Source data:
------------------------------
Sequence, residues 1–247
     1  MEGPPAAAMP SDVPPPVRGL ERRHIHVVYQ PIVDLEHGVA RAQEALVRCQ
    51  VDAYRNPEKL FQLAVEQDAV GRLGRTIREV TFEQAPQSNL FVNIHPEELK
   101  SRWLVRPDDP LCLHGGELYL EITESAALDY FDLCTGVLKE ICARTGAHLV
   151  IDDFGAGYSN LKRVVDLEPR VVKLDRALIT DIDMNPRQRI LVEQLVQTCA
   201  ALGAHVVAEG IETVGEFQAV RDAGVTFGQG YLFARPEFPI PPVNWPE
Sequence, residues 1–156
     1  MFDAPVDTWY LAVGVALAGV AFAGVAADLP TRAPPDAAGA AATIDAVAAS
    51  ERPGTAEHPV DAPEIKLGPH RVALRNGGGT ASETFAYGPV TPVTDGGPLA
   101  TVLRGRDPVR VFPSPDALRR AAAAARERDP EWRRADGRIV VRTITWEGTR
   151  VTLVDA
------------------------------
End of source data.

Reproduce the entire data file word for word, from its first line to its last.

Sequence, residues 1–247
     1  MEGPPAAAMP SDVPPPVRGL ERRHIHVVYQ PIVDLEHGVA RAQEALVRCQ
    51  VDAYRNPEKL FQLAVEQDAV GRLGRTIREV TFEQAPQSNL FVNIHPEELK
   101  SRWLVRPDDP LCLHGGELYL EITESAALDY FDLCTGVLKE ICARTGAHLV
   151  IDDFGAGYSN LKRVVDLEPR VVKLDRALIT DIDMNPRQRI LVEQLVQTCA
   201  ALGAHVVAEG IETVGEFQAV RDAGVTFGQG YLFARPEFPI PPVNWPE
Sequence, residues 1–156
     1  MFDAPVDTWY LAVGVALAGV AFAGVAADLP TRAPPDAAGA AATIDAVAAS
    51  ERPGTAEHPV DAPEIKLGPH RVALRNGGGT ASETFAYGPV TPVTDGGPLA
   101  TVLRGRDPVR VFPSPDALRR AAAAARERDP EWRRADGRIV VRTITWEGTR
   151  VTLVDA